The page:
Growing up, my brothers (playing soldiers) thought I should play nurse; I suggested they stuff it. Once refusing the nomination for class secretary, I ran for president. During a sixth grade dance recital, feeling the boy not capable, I took the lead during the waltz. And in high school, thinking it unjust that I had to prepare my brother’s lunch, my revenge was hiding hot peppers in their peanut butter sandwiches.
Following this attitude, as a young officer in the Air Force, I agreed to become one of 15 female officers to act as Air Training Officers at the Air Force Academy, experiencing the rigors that the future first female cadets would face. Anticipating entering one of the last bastions of male domain, I expected the male cadets and officers, at the Academy, to share my enthusiasm.
During the first weeks we mock cadets were introduced to the traditions of the Academy: squat-thrusts, square meals, rifle assembly, and running marches. Interrupting these activities were brief periods of varied and sundry males screaming at us, illuminating how unwanted we [women] were at their academy.
I learned a great deal during that pilot program: I learned it’s possible to climb up and down a 50-ft pole—crying. I learned to sleep on top of a bed in full uniform, and not get one wrinkle. I learned to begin and end every sentence with sir. I learned that you should be able to identify poison ivy before you do ‘number two’ in the woods. I learned to grab a nap by feigning fake death during imaginary sieges. I learned that when held captive for hours, and offered two cans, only one is for drinking water. I learned that the best food in C-rations is the sugar packet. I learned that, during training in the mountains, being resourceful doesn’t include sharing a bedroll with a male cadet. I learned that no matter how many pairs of socks you wear, men’s combat boots don’t fit. I learned that a square meal is a meal that never makes it to your mouth; I learned that square corners are just turns; I learned that square corners on a top bunk are impossible. I learned to remove the socks stuffed behind our windows, to quiet the rattling of the wind, before room inspection, or you should learn to enjoy squat thrusts. I learned that when they tell you what your secret mission is you should pay attention, so during pretend capture you can quickly confess, and avoid their play torture.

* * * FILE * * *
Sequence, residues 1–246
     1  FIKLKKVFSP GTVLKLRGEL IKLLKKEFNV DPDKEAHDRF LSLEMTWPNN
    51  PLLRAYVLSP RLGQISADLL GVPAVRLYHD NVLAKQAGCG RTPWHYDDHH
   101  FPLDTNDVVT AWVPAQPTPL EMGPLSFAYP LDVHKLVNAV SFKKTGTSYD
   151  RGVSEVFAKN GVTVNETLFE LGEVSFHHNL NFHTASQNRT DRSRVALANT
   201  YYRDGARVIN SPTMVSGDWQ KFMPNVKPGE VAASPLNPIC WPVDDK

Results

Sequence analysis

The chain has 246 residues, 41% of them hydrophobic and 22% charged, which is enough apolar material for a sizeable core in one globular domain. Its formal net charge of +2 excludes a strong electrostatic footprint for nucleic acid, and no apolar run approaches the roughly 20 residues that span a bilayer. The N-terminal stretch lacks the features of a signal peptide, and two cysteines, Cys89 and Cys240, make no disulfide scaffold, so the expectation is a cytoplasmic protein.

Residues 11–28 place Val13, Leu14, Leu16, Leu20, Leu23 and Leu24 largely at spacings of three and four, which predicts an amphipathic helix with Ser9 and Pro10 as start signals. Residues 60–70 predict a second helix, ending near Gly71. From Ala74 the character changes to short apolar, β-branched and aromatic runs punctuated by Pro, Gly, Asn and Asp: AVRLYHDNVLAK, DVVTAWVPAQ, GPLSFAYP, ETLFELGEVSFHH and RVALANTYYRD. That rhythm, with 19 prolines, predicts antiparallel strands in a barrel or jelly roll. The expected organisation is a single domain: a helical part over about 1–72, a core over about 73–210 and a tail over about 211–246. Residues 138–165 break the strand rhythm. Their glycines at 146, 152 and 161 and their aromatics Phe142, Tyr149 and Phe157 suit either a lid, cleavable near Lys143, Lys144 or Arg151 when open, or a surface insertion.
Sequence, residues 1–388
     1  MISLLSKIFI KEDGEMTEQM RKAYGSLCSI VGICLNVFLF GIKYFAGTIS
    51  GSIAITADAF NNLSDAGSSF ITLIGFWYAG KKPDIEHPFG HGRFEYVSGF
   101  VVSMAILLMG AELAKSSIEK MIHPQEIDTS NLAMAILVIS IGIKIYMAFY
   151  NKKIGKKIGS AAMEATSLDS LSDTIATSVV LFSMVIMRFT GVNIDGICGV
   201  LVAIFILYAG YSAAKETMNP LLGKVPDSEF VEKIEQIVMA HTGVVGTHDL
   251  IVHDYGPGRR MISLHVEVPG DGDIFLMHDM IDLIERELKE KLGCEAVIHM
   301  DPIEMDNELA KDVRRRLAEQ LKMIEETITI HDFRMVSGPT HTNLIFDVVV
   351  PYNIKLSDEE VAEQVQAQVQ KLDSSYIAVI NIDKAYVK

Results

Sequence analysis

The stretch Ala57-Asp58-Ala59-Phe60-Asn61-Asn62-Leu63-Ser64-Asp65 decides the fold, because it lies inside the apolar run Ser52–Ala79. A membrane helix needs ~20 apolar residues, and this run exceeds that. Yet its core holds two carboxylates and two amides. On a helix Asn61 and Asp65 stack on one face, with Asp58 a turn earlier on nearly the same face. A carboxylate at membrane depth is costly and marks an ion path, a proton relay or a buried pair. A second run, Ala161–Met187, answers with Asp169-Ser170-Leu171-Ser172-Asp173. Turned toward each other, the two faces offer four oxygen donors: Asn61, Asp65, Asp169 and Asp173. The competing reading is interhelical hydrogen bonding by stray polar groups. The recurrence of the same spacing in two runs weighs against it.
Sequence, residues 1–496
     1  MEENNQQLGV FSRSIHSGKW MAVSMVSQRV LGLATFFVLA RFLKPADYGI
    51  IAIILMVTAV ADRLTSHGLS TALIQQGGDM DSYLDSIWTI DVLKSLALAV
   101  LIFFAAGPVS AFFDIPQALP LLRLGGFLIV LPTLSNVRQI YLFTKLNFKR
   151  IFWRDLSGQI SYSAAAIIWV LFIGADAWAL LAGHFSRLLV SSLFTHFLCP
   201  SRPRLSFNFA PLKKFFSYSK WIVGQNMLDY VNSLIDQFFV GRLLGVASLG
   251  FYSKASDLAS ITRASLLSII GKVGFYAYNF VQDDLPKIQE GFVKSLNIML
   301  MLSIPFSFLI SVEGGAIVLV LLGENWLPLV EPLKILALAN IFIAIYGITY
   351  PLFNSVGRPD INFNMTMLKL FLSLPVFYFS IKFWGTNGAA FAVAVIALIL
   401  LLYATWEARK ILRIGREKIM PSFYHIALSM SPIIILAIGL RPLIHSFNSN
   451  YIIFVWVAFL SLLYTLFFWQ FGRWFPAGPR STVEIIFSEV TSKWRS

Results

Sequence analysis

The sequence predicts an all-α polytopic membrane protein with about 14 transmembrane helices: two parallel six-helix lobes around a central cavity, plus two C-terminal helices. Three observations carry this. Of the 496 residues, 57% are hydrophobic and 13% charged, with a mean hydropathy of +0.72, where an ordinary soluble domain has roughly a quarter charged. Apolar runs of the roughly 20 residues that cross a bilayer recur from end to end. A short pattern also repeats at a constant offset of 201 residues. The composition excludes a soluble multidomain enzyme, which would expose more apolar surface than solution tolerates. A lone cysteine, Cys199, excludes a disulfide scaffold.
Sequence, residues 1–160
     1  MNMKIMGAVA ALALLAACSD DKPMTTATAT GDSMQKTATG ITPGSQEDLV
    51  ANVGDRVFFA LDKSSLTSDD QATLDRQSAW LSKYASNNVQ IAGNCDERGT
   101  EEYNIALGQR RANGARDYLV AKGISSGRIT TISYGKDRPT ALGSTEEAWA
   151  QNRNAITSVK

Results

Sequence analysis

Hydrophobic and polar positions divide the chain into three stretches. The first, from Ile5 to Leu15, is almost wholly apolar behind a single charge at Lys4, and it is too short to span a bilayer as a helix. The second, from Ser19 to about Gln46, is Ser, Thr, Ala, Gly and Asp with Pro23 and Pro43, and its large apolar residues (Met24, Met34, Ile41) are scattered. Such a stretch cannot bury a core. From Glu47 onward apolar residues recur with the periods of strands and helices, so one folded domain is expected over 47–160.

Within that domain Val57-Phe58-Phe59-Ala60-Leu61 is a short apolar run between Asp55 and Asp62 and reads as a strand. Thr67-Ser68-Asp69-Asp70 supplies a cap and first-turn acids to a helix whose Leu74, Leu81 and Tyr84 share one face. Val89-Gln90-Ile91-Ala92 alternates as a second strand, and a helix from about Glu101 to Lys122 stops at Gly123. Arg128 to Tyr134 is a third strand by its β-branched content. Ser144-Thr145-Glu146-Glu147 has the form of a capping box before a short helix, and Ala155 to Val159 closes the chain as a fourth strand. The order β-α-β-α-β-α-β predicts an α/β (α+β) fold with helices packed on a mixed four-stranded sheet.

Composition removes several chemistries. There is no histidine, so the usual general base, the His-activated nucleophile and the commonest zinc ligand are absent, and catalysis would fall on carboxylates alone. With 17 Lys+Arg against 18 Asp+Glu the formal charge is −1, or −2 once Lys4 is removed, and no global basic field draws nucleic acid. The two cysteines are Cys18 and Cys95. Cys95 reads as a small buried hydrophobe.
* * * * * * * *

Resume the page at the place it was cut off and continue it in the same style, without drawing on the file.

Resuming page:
Those lessons, as tough as they seemed, were not the most difficult. The harder lessons came with shattering that invisible barrier—being the first females to enter the Academy. Looking back, my one disappointment is that I never got to express my appreciation to those hard nose cadets and officers that made us painfully aware of how very unwelcome we were. I’d like to reconcile that, invite them over—for one of my special—peanut butter sandwiches.